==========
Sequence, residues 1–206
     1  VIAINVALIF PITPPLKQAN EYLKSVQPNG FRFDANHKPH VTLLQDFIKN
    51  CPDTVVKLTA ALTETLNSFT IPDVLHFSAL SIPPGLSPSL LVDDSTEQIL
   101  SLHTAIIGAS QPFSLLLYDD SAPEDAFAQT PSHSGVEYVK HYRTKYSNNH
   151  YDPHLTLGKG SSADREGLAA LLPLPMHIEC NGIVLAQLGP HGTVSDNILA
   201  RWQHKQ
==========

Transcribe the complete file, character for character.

Sequence, residues 1–206
     1  VIAINVALIF PITPPLKQAN EYLKSVQPNG FRFDANHKPH VTLLQDFIKN
    51  CPDTVVKLTA ALTETLNSFT IPDVLHFSAL SIPPGLSPSL LVDDSTEQIL
   101  SLHTAIIGAS QPFSLLLYDD SAPEDAFAQT PSHSGVEYVK HYRTKYSNNH
   151  YDPHLTLGKG SSADREGLAA LLPLPMHIEC NGIVLAQLGP HGTVSDNILA
   201  RWQHKQ